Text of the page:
The Eastern Music Festival closed its 60th season last night on a high note, after a fulfilling concert that surely must have satisfied all musical appetites. The evening opened with the orchestral suite extracted from the 1920 ballet, Pulcinella by Igor Stravinsky, one of the earliest pieces of what is now called Stravinsky’s “Neo-classical period” in which respect is paid to many of the classical norms of composition. Pulcinella is the fifth ballet of 12 the composer would compose in his lifetime. Inspired by music Stravinsky believed to have been composed by Giovanni Baptista Pergolesi, he used themes and excerpts of the music in novel ways. Maestro Gerard Schwarz led the slender ensemble (there are nine movements played by 10 wind and brass instruments plus strings) with wit and energy. The mood is boisterous and the playing was precise and intense.

Cello soloist Julian Schwarz first came to this listener’s attention thirteen years ago (to the day!) when he was featured as one of the winners of the 2008 EMF Concerto Competition. Last night, at the closing concert of the 2021 Eastern Music Festival, under the impeccable direction of his father, EMF music director, Gerald Schwarz, he delivered on the promise shown at age 17 (with the first movement of the mighty Dvorak Cello Concerto). The featured work this time was the First Cello Concerto by Dmitri Shostakovich, a work in three movements, the last two linked by one of the longest cadenzas in memory (and important enough to merit mention in the playbill as a separate movement). The whole concerto starts with a four-note theme by the cello alone, similar in nature and character to the signature four-note theme Shostakovich frequently uses (D, S [E-flat], C, H [B-natural], as in String Quartet No. 8, Symphony No. 10, Concerto for Violin, et al.) only this time the notes (G, F-flat, C-flat, B-flat) are far removed from the actual key of the concerto (E-flat).

Cellist Schwarz is a force to be reckoned with – a powerful player with a big rich tone with a rapid but full vibrato and impressive intonation all the way up the fingerboard. And such beautiful pianissimo passages: one moment of wonder placed the cello in the musical stratosphere with ethereal harmonics accompanied by the celesta in a surprisingly low register.

The rhythmic intensity of the first movement yields to a sense of melancholy longing in the second movement, characteristic of much of Shostakovich’s writing for strings. The cadenza is intimate Shostakovich, written in his very personal style, eschewing hackneyed idioms and conventions. When the last movement does finally arrive there is an element of grotesque in it which finally gives way to a restatement of the main theme from the first movement, which gives the listener a satisfying sense of completion. The orchestra is small for Shostakovich, winds by twos, including a contrabassoon and a piccolo, and only one brass instrument, a horn, played outstandingly by Kevin Reid.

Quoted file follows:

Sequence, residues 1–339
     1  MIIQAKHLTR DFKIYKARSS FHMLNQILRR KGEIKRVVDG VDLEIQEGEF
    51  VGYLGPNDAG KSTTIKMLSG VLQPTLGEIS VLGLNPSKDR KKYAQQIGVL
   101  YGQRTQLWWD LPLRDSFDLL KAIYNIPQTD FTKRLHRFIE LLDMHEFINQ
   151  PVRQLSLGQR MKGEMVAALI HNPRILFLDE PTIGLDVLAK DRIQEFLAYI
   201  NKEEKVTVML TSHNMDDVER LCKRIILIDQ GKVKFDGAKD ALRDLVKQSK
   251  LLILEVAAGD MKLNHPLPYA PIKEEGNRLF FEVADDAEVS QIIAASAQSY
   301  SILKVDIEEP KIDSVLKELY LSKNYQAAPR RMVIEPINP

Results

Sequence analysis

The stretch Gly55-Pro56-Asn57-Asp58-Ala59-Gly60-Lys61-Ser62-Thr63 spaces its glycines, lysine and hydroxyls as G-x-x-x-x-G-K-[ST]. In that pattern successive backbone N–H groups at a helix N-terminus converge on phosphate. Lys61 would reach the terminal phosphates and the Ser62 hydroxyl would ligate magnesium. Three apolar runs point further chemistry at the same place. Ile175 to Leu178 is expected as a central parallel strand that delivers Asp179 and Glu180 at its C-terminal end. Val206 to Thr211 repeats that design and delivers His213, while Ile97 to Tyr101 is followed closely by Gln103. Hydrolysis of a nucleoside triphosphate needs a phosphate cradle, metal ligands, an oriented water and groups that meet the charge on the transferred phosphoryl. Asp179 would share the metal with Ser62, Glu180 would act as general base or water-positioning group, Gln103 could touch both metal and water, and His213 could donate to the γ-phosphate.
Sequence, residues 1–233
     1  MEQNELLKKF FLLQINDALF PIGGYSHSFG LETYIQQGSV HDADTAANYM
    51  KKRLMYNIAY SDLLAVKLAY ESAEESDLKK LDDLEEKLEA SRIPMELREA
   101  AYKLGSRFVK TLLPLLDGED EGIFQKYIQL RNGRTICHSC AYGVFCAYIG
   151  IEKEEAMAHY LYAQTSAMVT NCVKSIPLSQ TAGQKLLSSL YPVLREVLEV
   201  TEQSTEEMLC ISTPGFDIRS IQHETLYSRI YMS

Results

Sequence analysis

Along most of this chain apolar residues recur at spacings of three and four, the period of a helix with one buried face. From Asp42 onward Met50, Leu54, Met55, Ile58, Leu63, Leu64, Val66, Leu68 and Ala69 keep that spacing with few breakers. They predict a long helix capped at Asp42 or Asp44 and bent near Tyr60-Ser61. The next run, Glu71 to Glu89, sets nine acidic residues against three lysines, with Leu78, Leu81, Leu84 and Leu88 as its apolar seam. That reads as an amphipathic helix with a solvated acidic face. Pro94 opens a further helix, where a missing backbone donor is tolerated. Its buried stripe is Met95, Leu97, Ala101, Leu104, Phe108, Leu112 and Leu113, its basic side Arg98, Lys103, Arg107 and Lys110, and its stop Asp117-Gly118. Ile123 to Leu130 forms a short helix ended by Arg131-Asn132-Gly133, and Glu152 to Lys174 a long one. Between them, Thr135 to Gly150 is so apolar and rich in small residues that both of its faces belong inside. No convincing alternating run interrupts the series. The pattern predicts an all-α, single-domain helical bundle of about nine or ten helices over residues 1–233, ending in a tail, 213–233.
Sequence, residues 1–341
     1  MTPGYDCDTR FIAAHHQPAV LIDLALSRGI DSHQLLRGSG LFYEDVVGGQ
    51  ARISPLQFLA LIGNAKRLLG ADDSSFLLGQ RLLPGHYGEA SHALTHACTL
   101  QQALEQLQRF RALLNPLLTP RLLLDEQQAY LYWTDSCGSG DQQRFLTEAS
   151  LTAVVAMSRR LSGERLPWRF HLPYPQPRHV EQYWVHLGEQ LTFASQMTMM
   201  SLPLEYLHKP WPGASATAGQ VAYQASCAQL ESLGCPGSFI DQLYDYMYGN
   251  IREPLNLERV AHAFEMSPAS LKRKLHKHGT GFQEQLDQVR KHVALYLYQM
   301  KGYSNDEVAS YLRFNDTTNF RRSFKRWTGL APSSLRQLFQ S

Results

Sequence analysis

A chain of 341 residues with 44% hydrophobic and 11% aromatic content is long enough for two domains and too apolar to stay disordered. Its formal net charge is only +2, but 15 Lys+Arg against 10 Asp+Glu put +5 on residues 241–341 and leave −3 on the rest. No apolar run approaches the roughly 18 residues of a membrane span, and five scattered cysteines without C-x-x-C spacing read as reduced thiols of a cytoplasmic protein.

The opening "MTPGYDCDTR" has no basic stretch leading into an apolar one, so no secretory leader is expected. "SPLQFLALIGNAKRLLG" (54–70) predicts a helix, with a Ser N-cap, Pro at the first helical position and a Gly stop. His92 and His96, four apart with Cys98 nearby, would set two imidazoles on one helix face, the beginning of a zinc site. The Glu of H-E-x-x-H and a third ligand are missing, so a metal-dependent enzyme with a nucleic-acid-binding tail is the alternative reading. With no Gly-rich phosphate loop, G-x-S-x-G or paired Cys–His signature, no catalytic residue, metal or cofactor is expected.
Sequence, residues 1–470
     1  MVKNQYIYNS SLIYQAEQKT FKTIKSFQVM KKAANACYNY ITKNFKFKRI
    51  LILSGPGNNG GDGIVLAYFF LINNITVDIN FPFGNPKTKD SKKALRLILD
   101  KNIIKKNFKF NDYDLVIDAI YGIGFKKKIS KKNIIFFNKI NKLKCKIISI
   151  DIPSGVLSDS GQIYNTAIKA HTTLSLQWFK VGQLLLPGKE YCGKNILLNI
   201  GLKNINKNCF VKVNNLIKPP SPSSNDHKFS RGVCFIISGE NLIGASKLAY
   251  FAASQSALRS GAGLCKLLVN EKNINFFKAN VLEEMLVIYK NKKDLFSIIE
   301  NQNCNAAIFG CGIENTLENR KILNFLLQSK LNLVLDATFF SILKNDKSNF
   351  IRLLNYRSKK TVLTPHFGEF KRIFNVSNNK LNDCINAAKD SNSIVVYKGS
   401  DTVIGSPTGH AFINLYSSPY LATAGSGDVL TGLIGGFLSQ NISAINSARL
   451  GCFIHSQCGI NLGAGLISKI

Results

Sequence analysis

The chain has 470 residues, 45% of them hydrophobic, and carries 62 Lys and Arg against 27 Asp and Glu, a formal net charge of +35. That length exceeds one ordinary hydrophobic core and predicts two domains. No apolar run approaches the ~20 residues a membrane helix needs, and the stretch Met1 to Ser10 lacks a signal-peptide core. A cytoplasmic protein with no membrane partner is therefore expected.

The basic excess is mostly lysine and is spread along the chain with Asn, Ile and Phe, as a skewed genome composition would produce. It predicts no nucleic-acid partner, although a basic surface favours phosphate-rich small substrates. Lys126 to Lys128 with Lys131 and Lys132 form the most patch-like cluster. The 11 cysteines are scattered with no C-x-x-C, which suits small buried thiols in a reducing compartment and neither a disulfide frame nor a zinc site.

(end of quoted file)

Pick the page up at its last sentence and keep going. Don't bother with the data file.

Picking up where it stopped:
As an encore, Schwarz paid tribute to Lynn Harrell, his mentor and a beloved friend of the Eastern Music Festival, by joining the cello section and playing Harrell’s arrangement of the Sarabande from the fourth Suite for Unaccompanied Cello by J. S. Bach for cello ensemble.

After intermission, Maestro Schwarz resuscitated one of a number of short works commissioned in his honor by the Seattle Symphony. In 2010, American composer Bernard Rands re-composed a short fanfare for brass quintet he had written several decades ago, this time using the brass quintet as soloists, accompanied by the five string sections of the orchestra (1st violins, 2nd violins, violas, cellos and double basses). The result was quite successful – rhythmically captivating with much parallel motion of the melodic lines – modern, but not difficult to understand and to enjoy.

The concert closed with a rousing performance of Felix Mendelssohn’s Fourth Symphony in A, Op. 90, known as the “Italian Symphony.” It brought home the incredible qualities of the Eastern Festival Orchestra, composed of professional musicians from across the country who serve as faculty to over a hundred music students from around the world. The staccato tonguing of the winds, the incredibly balanced pianissimo of the strings and balance of all sections testify to over-all quality and minute attention to detail. And the leadership from the podium molds all the parts into a cohesive unity of structure.

Thank you, Maestro, for not skipping the repeat in the first movement, allowing us to become acquainted with the additional thematic material it introduces. The balance of the strings with the pair of flutes in the second movement was fantastic. The moderato of the third movement was as fast as I would like to hear it, but the tempo of the final Saltarello was hoppin’!

And so was the audience at the end – immediately on their feet, cheering as though they had won! And they had! Arrivederci, until next season!